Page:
Islam spreading in Christian South Africa

Sun 14 November, 2004 09:22 
By Gordon Bell§ion=news

CAPE TOWN (Reuters) - Black South Africans, drawn to
the Islam practised by African immigrants, are
converting in growing numbers and slowly changing the
face of religious affiliation in the overwhelmingly
Christian country.

"The numbers have gone up dramatically if you look at
the census figures ... there is massive growth
especially in the (black) townships," said Dr Shamil
Jeppie, an expert on Islamic history in Africa at the
University of Cape Town.

Immigrants from Central and West Africa, escaping
poverty at home for life in the continent's economic
powerhouse, have brought with them a new "Africanised
Islam" more in line with black South Africans'
identities than the religion practiced by followers
with closer links to Asia.

"In the townships people see the confidence they
bring. The confidence of the African Muslim," Jeppie
said. "There is going to be a different texture, (the
balance of followers) is definitely going to change."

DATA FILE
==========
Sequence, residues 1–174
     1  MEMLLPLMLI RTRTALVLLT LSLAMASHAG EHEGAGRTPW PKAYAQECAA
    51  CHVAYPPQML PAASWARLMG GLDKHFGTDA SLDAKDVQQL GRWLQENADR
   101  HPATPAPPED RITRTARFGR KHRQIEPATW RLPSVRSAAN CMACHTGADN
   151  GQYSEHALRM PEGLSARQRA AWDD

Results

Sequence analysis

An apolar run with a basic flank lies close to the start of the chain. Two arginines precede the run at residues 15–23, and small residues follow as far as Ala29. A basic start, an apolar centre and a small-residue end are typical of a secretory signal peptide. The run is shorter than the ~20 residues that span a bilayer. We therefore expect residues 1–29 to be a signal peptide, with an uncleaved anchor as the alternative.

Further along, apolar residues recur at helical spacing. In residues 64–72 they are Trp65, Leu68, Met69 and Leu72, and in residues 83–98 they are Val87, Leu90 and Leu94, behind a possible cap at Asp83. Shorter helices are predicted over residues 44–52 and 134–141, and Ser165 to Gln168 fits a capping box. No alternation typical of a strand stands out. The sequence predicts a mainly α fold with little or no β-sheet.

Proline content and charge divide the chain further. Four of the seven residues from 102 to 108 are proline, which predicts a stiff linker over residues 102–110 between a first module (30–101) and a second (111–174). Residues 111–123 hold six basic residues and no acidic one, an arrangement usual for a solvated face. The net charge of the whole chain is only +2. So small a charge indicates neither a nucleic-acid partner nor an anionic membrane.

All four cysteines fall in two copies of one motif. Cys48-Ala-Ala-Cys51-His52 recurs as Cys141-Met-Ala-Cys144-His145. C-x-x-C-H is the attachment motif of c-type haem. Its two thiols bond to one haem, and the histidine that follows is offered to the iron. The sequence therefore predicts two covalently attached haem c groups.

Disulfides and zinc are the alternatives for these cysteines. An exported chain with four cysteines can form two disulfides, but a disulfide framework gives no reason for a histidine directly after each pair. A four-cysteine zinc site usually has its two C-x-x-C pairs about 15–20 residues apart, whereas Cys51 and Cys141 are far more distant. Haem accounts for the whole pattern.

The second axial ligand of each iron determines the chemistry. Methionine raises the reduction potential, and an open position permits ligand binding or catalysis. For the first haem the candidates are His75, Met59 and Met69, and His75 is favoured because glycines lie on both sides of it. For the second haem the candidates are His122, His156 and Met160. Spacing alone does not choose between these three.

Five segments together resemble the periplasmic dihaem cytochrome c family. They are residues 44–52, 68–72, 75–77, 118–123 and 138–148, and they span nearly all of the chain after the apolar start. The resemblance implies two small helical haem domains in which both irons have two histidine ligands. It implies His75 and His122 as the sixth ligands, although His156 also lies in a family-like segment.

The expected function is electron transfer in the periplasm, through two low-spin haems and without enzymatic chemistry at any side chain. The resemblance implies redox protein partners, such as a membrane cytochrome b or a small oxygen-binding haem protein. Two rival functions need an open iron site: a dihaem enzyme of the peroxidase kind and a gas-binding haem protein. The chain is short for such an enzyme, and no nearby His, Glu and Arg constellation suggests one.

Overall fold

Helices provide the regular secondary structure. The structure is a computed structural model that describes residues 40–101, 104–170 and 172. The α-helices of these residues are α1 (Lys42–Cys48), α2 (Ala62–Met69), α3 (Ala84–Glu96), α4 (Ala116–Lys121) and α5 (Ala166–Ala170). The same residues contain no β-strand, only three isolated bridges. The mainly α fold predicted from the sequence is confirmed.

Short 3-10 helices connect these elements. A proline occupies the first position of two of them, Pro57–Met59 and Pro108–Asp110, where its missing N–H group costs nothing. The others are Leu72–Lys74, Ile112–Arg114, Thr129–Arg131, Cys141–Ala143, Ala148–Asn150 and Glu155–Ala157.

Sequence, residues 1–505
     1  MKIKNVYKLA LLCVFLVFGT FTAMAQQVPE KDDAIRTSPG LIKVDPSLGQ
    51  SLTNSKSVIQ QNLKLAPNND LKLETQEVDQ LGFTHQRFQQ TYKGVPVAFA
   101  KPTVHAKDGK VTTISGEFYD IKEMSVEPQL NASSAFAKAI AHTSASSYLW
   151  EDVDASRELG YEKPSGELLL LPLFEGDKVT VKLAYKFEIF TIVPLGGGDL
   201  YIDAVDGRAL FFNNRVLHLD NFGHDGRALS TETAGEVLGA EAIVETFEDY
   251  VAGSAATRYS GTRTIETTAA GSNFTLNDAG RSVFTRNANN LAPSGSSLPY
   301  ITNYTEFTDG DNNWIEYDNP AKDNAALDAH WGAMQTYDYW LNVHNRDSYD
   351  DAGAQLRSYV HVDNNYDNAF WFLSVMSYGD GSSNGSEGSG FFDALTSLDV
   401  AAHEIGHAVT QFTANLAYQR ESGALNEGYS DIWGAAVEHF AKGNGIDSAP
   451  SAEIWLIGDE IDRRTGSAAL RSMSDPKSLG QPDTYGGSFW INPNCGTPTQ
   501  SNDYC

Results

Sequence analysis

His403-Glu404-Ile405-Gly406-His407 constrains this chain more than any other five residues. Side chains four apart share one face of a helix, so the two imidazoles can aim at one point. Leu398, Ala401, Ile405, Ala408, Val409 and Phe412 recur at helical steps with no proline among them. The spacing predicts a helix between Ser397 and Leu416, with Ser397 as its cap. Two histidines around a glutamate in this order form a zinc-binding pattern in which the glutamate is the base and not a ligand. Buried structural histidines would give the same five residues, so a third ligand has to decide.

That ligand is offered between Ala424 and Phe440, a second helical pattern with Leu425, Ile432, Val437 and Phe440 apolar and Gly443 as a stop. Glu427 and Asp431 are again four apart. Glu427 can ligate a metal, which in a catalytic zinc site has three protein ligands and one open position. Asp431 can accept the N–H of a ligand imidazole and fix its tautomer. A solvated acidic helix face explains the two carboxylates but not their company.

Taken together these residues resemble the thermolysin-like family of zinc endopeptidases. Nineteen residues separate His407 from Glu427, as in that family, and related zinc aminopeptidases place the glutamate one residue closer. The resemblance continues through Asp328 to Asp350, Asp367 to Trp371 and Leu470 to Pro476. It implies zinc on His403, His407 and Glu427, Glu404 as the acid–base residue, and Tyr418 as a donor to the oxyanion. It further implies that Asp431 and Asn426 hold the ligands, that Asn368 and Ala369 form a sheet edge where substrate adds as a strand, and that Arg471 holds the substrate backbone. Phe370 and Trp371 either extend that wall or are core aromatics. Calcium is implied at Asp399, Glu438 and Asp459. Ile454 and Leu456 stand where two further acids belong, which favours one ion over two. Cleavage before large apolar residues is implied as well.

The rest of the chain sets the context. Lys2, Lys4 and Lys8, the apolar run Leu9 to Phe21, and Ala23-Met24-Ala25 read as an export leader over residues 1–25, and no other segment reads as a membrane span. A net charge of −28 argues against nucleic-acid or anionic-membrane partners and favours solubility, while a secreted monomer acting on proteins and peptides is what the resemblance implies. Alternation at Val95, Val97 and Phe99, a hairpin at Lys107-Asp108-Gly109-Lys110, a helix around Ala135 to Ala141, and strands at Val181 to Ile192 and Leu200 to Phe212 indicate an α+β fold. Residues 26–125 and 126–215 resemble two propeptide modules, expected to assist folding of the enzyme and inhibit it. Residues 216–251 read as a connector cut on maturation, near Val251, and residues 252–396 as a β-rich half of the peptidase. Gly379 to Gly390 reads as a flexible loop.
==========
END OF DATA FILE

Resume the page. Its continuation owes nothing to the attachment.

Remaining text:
Currently, some 650,000 South Africans or less than 2
percent, are Muslim. They are mostly members of the
country's Indian and Coloured (mixed-race)
communities, the descendents of slaves and cheap
labour shipped to South Africa by the former Dutch and
British colonial rulers.

Christianity -- practised by 80 percent of the
country's 45 million population -- is still the
dominant religion amongst black South Africans.

But an estimated 75,000 Africans are now Muslim
compared to fewer than 12,000 in 1991 during apartheid
white rule, according to research by the Human
Sciences Research Council, a government-funded

Of those, 11 percent are black Africans and that group
is expected to become the largest segment of the
Muslim faithful within the next two decades.

"The gap is closing and we are finding each other,"
Sheik Thafir Najjar, head of Cape Town-based Islamic
Council of South Africa, says of reconciliation since
the end of apartheid in 1994.

"Under apartheid we were not allowed to share our
cultures," Najjar told Reuters. But in the end there
were "a lot of similarities between African and Muslim
cultures," he added.

Najjar said the war on terrorism, led by the United
States, had heightened curiosity among Africans about

"What the policy of America has done has been to make
people more aware and to show a greater interest in
Islam," he said.

Despite their growing numbers, Muslims in South Africa
have generally maintained a low profile and operate
within the political mainstream.

One notable exception was in the late 1990s when an
Islamic group known as Pagad (People Against
Gangsterism and Drugs) embarked on a campaign that
included bombings in Cape Town.

Their campaign came to a halt when leaders of the
group were rounded up by police in 2000 and many


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